"I like doing woodworking projects at home, and the other day I was at a store getting wood and was carrying it across the parking lot to my car," she continued. "Some guy yells across the lot at me, 'Hey, that's a lot of wood for a girl.'"
"I think, just human beings are biased. We always go back to what is traditional. I grew up in an Italian household and was always being asked why am I pursuing this non-traditional path. Why wasn't I married and having kids? I fought that and want to encourage girls to pursue STEM, if they are interested, regardless of attitudes."
Since the new class started, enrollment in applied engineering/technology education at Pennsbury High School has gone from 9 percent girls to 24 percent, Perfetto said.
During a recent class, the 19 girls in Perfetto's class — there are no boys — were coding little robots to navigate through a maze, making molds for a 3-D printer to create headphone holders and doing other projects.
"This class just for women gives us more of a chance to excel in the things we want to," said Leah Ford, a freshman in Perfetto's class.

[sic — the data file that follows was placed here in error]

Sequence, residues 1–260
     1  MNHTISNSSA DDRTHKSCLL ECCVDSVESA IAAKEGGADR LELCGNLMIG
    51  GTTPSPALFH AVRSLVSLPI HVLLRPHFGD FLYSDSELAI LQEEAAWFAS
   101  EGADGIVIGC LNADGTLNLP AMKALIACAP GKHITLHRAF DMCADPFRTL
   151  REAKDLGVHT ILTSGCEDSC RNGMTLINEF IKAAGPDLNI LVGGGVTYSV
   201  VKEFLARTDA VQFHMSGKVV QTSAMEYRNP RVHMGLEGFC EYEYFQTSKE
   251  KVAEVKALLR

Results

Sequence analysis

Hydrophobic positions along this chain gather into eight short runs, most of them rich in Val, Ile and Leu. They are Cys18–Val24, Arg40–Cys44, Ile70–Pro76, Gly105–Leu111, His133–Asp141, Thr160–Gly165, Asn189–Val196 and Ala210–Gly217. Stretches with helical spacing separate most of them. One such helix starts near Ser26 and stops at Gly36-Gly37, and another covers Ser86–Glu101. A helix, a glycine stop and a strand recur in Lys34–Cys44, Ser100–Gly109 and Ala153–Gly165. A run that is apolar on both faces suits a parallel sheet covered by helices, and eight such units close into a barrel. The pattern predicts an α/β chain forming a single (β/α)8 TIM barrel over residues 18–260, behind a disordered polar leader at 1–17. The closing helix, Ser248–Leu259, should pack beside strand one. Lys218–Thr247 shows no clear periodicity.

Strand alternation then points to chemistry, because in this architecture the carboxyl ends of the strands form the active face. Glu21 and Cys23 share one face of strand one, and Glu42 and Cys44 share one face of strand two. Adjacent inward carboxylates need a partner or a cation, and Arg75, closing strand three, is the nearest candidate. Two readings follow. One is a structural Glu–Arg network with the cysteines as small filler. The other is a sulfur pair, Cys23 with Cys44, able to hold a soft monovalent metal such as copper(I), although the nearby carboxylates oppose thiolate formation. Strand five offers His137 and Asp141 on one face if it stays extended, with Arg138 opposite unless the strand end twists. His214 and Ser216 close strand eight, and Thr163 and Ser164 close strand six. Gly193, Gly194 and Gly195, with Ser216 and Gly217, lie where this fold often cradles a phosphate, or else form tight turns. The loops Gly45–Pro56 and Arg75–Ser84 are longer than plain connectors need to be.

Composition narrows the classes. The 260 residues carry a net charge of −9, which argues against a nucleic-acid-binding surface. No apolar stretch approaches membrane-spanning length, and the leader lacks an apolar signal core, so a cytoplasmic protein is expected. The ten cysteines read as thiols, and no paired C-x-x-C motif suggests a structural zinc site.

"In some of the other classes, you're kind of held back and put in a situation where it's like, 'Hey, you can't do that because you're a girl.'"
Fellow freshman and class member Rozlyn Geers said she is leaning toward a career in either interior design or physical therapy — both of which incorporate STEM — and is determined not to let sexism stand in her way.
"I don't go with the stereotypes and pretty much just do what I please," Rozlyn said. "I won't miss out on an opportunity just because there might be only guys in a class or program, but this class makes it easier for girls to get involved in things. Knowing you're surrounded by other girls make it a little more comfortable."
If Rozlyn holds true to her career aspiration, she will enter a STEM workforce where women are still trying to catch up with men.
Improvements in some areas
According to a 2017 update from the Economics & Statistics Administration of the U.S. Department of Commerce, women filled 47 percent of all U.S. jobs in 2015 but held only 24 percent of STEM jobs.
Women with STEM jobs earned 35 percent more than comparable women in non-STEM jobs, the update added. Though women in STEM jobs earned 30 percent less than men in STEM, women with STEM jobs earned 40 percent more than men with non-STEM jobs.